spunkywulf From: spunkywulf Date: November 12th, 2009 05:01 pm (UTC) (Link)
I don't even remember what I did with it, I don't think I have it anymore :(
From: captainq Date: November 12th, 2009 03:11 pm (UTC) (Link)
I feel like I have the same problem...too much focus on texture and shading. When I focus on form ONLY I do OK.
ruggels From: ruggels Date: November 12th, 2009 03:42 pm (UTC) (Link)
Cast and the Club, Inked

With the inksI have been using Flash or SAI over scanned pencils. I would recommend Sai, as it has a lot of control over the limne, and it's quick, but actually inking with it, while blazingly fast is somewhat counter intuitive as you are using. What one does is to click down points along the line, then go in an adjust the curve and the thickness, and the taper, then go to the next line, The above pic was my second in SAT, and shows a lot of errors, but the errors are correctablem and you can edit the lines easily. You can also just ink with the tablet using the brush tool and it will lay down vector lines, just with a cloud of control points to make it hard to edit.

Flash is similar but far more responsive and less complicated.

As for the colors,

Asheru 63 Flash

Once the inks were done (in flash) Her colors were laid in flat. The shadows were a separate layer, set as a faint medium blue, and overlaid the colors. The shadow color you should pick as the compliment of the main light source, though a White sun should have have a sky shine light.

Hope this helps.
thornwolf From: thornwolf Date: November 12th, 2009 07:40 pm (UTC) (Link)
I've been hearing people recommend SAI but I have a Mac and it doesn't work on a Mac platform unfortunately :/
sabarika From: sabarika Date: November 13th, 2009 03:13 am (UTC) (Link)
Before my laptop's fan complete crapped out I installed a very basic copy of Windows XP using Parallels and installed OpenCanvas and SAI using that. It doesn't take up too much space and since I hardly use it I never notice it there, but it also runs very fast and works perfectly fine. All I need to do is ink in SAI in Parallels then drop-drag the JPG or file to my Mac desktop then open with PS. If you have the space/ a copy of Windows you can try this if you'd like.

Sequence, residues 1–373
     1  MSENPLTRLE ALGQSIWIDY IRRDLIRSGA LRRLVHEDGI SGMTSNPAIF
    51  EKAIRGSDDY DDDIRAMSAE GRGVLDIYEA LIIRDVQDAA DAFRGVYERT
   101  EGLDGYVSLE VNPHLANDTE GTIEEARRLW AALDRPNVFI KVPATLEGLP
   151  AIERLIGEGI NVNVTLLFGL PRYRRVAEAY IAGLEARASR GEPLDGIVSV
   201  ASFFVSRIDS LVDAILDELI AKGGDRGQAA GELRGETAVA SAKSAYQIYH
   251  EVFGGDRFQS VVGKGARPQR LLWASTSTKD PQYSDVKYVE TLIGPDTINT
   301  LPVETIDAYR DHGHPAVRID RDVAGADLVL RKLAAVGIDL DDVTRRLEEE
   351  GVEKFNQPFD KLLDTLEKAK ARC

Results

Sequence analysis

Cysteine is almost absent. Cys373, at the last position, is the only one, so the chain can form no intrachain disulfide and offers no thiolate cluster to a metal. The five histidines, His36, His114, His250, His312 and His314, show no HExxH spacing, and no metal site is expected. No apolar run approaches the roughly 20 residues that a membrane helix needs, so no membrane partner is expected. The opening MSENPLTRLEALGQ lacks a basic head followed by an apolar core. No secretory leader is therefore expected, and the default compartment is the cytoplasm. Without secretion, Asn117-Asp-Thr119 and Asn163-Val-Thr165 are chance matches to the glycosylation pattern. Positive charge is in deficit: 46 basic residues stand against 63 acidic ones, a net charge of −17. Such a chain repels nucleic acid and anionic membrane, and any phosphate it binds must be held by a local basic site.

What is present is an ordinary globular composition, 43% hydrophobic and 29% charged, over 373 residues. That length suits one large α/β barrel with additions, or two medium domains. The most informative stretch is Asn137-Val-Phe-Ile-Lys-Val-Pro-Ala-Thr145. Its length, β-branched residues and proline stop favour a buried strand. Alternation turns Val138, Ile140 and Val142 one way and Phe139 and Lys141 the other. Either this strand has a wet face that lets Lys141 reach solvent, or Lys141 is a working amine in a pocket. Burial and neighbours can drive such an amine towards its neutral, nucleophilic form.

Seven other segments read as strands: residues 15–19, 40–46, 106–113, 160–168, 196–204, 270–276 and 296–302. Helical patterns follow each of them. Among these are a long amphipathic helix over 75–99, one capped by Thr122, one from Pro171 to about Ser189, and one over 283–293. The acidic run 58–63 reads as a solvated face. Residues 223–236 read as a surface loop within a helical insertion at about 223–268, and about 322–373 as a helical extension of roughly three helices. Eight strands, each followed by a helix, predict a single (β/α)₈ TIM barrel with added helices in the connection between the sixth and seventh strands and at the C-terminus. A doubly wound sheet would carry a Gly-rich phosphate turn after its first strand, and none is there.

ruggels From: ruggels Date: November 13th, 2009 06:30 am (UTC) (Link)
There is a similar Macintosh App called "Illust4rator Studio, but It's not known if there is an English Translation and it's about 225 USD roughly.

johnraptor From: johnraptor Date: November 12th, 2009 04:15 pm (UTC) (Link)
If you are interested in doing line holds (colored lines like in the David Kawena picture you linked), I could help you out with that, as well as other technical aspects of coloring in photoshop. It's a little involved to explain and I've got to go to work though, but I can put together a tutorial for you later if you like.
thornwolf From: thornwolf Date: November 12th, 2009 07:41 pm (UTC) (Link)
Thank you! I'd really appreciate it :3
johnraptor From: johnraptor Date: November 13th, 2009 07:44 am (UTC) (Link)
Okey dokey, I'm home from work. Let's see how well I can describe this...

To start, I always scan lineart I want to color digitally at double the resolution I want the finished piece to be. For example, if I want the final piece to be 300dpi, I scan the linework at 600dpi. Then I clean it up so there's no dust, speckling or jagged edges and save it as a bitmap.

Next, I open up the line art and convert it to RGB, and make sure the PS layer with the art on it isn't set to "background." Use the eyedropper tool to sample the a white area and do Select:Color Range... to select all of the white in the line art, then do Layer:Layer Mask:Hide Selection.